The dark night, therefore, is an experience of infused contemplative prayer felt as painful because it is purifying; it prepares the person for greater union with God through higher states of infused contemplation. The difference between this purifying experience of prayer and the discouraging lies of spiritual desolation is evident.6 The first is a gift of God; the second is a trap of the enemy. By accepting the first, we grow; by rejecting the second, we grow.

 

You can find this book here

Father Timothy M. Gallagher, O.M.V., was ordained in 1979 as a member of the Oblates of the Virgin Mary, a religious community dedicated to retreats and spiritual formation according to the Spiritual Exercises of St. Ignatius.  Fr. Gallagher is featured on the EWTN series “Living the Discerning Life:  The Spiritual Teachings of St. Ignatius of Loyola”. For more information on how to obtain copies of Fr. Gallaghers’s various books and audio which are available for purchase, please visit  his  website:   frtimothygallagher.org

For the other episodes in this series check out Fr. Timothy Gallagher’s “Discerning Hearts” page

SD4 Rule 4: In Depth Overall Review – Spiritual Desolation: Be Aware, Understand, Take Action with Fr. Timothy Gallagher – Discerning Hearts Podcast

BA6 - "Refuse to Accept Discouragement" - Begin Again: The Spiritual Legacy of Ven. Bruno Lanteri with Fr. Timothy Gallagher Episode 4 – Fr. Gallagher offers an in-depth overall reveiw of Rule 4 on Spiritual Desolation.

From  Setting the Captives Free: Personal Reflections on Ignatian Discernment of Spirits

Rule 4 is the companion to rule 3 and describes its exact opposite: spiritual desolation. As in rule 3, Ignatius does not give a definition but rather a list of experiences of spiritual desolation. I have italicized each:

Fourth Rule. The fourth is of spiritual desolation. I call desolation all the contrary of the third rule, such asdarkness of soul, disturbance in it, movement to low and earthly things, disquiet from various agitations and temptations, moving to lack of confidence, without hope,without love, finding oneself totally slothful, tepid, sad and, as if separated from one’s Creator and Lord. For just as consolation is contrary to desolation, in the same way the thoughts that come from consolation are contrary to the thoughts that come from desolation.

 

You can find this book here

Father Timothy M. Gallagher, O.M.V., was ordained in 1979 as a member of the Oblates of the Virgin Mary, a religious community dedicated to retreats and spiritual formation according to the Spiritual Exercises of St. Ignatius.  Fr. Gallagher is featured on the EWTN series “Living the Discerning Life:  The Spiritual Teachings of St. Ignatius of Loyola”. For more information on how to obtain copies of Fr. Gallaghers’s various books and audio which are available for purchase, please visit  his  website:   frtimothygallagher.org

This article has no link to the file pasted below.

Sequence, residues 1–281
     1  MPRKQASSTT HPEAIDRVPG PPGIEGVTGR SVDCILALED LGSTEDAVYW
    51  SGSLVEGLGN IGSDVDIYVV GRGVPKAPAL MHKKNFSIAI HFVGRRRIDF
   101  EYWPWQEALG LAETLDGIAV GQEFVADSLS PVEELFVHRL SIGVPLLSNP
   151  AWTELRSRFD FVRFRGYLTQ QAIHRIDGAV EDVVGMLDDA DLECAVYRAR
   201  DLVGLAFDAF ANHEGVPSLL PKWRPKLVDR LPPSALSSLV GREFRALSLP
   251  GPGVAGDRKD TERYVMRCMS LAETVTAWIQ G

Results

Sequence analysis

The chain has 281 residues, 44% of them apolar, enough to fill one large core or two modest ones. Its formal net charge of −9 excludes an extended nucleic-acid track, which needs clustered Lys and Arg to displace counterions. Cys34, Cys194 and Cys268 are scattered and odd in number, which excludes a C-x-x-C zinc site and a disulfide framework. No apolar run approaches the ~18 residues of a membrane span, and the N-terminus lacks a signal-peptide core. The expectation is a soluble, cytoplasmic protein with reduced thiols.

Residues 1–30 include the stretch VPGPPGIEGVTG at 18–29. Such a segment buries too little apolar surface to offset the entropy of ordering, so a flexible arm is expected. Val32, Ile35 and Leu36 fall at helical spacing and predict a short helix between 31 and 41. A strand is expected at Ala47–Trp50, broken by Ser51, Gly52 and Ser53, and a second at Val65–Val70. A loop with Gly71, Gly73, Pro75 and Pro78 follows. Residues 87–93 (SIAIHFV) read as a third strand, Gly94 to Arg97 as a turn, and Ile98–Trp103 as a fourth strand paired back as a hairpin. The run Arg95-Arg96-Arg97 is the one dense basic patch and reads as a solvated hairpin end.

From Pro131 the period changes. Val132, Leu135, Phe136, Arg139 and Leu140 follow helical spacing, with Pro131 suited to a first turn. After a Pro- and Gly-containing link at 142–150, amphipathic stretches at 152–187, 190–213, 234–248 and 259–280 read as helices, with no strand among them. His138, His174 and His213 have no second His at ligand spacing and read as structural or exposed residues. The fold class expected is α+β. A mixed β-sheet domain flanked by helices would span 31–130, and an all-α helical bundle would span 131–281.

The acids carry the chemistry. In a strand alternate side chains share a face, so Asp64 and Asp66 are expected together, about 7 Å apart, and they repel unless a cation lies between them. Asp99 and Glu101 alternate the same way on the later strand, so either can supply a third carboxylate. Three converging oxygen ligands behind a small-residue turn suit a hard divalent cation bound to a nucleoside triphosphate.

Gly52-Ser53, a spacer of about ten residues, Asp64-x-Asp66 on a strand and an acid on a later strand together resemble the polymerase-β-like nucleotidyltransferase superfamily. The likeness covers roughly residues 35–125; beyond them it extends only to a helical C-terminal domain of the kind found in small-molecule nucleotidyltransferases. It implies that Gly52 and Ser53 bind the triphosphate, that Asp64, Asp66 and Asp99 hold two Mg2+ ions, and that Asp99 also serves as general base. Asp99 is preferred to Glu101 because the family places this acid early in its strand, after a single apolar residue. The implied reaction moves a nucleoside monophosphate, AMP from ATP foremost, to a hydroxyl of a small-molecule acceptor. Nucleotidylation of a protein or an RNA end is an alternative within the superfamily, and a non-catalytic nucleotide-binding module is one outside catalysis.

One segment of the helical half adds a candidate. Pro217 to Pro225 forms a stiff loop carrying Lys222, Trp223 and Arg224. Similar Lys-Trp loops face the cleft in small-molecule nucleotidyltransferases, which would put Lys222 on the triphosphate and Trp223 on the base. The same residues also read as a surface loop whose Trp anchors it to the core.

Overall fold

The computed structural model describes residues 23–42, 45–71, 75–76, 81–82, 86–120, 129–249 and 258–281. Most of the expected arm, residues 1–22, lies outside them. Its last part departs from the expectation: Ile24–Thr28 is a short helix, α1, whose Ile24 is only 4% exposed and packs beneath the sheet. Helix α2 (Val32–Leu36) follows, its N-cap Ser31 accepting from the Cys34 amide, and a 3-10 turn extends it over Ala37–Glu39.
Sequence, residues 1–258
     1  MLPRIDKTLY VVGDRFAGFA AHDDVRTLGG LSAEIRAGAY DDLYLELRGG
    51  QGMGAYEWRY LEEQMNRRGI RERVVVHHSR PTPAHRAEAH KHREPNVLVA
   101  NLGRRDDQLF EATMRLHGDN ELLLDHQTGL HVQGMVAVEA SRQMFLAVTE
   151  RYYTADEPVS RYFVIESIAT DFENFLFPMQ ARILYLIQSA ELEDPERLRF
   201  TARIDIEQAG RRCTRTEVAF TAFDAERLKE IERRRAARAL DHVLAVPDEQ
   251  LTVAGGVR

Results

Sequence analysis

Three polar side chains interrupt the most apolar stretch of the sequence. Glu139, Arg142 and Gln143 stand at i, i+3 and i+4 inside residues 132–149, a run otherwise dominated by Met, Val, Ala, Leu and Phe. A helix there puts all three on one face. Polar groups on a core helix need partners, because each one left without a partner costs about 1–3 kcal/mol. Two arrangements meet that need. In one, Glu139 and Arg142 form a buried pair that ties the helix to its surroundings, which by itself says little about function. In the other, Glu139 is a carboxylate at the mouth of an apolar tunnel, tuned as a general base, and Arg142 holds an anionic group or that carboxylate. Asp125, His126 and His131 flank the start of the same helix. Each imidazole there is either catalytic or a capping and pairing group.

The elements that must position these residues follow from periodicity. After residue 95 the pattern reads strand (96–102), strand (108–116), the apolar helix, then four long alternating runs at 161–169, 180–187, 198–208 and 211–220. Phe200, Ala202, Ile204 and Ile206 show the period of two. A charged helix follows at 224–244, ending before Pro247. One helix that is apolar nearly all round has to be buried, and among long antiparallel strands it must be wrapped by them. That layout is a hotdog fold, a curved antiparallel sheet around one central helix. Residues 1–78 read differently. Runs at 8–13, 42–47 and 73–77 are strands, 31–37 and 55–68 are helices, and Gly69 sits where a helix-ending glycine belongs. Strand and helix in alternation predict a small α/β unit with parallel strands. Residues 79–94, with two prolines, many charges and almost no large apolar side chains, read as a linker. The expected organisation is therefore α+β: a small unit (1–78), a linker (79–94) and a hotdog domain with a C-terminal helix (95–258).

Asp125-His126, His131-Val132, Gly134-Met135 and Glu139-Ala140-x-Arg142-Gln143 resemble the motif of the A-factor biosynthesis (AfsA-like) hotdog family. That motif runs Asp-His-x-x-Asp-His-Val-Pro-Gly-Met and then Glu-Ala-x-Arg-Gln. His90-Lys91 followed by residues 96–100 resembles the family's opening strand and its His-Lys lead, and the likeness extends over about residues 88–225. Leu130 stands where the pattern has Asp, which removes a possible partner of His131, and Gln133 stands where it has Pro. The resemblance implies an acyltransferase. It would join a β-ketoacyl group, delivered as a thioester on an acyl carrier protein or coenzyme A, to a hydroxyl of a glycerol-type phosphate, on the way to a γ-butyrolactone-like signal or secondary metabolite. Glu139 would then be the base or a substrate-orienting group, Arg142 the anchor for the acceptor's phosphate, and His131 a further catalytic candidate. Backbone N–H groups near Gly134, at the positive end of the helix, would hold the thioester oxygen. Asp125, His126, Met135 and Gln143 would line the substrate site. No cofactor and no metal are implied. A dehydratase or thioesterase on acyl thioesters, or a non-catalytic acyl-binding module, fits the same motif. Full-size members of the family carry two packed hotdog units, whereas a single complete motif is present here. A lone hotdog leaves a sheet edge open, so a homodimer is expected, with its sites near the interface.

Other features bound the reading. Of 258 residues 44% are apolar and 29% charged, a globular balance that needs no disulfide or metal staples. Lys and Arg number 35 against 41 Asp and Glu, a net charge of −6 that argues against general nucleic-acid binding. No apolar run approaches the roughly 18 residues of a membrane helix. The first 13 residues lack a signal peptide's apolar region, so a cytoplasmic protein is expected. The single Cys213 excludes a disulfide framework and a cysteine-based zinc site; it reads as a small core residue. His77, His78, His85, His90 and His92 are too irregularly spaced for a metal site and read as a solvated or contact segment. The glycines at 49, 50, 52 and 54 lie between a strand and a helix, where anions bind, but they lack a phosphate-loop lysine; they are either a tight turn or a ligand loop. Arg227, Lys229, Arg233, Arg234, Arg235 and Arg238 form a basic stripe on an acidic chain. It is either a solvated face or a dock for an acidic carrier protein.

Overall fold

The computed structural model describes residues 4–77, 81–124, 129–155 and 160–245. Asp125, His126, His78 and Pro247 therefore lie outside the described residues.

For the other episodes in this series check out Fr. Timothy Gallagher’s “Discerning Hearts” page

SD3 A Brief Overview of Rules 10 through 14 – Spiritual Desolation: Be Aware, Understand, Take Action with Fr. Timothy Gallagher – Discerning Hearts Podcast

BA6 - "Refuse to Accept Discouragement" - Begin Again: The Spiritual Legacy of Ven. Bruno Lanteri with Fr. Timothy Gallagher Episode 3 – Fr. Gallagher offers a  brief overview of the Rules for Discernment 10 – 14 in relation to spiritual desolation.

From  Setting the Captives Free: Personal Reflections on Ignatian Discernment of Spirits

Tenth Rule. The tenth: Let the one who is in consolation think how he will conduct himself in the desolation which will come after, taking new strength for that time.

Eleventh Rule. The eleventh: Let one who is consoled seek to humble himself and lower himself as much as he can, think- ing of how little he is capable in the time of desolation with- out such grace or consolation. On the contrary, let one who is in desolation think that he can do much with God’s sufficient grace to resist all his enemies, taking strength in his Creator and Lord.

Twelfth Rule. The twelfth: The enemy acts like a woman in being weak when faced with strength and strong when faced with weakness. For, as it is proper to a woman, when she is fighting with some man, to lose heart and to flee when the man confronts her firmly, and, on the contrary, if the man begins to flee, losing heart, the anger, vengeance and ferocity of the woman grow greatly and know no bounds, in the same way, it is proper to the enemy to weaken and lose heart, flee- ing and ceasing his temptations when the person who is exer- cising himself in spiritual things confronts the temptations of the enemy firmly, doing what is diametrically opposed to them; and, on the contrary, if the person who is exercising himself begins to be afraid and lose heart in suffering the temptations, there is no beast so fierce on the face of the earth as the enemy of human nature in following out his damnable intention with such growing malice.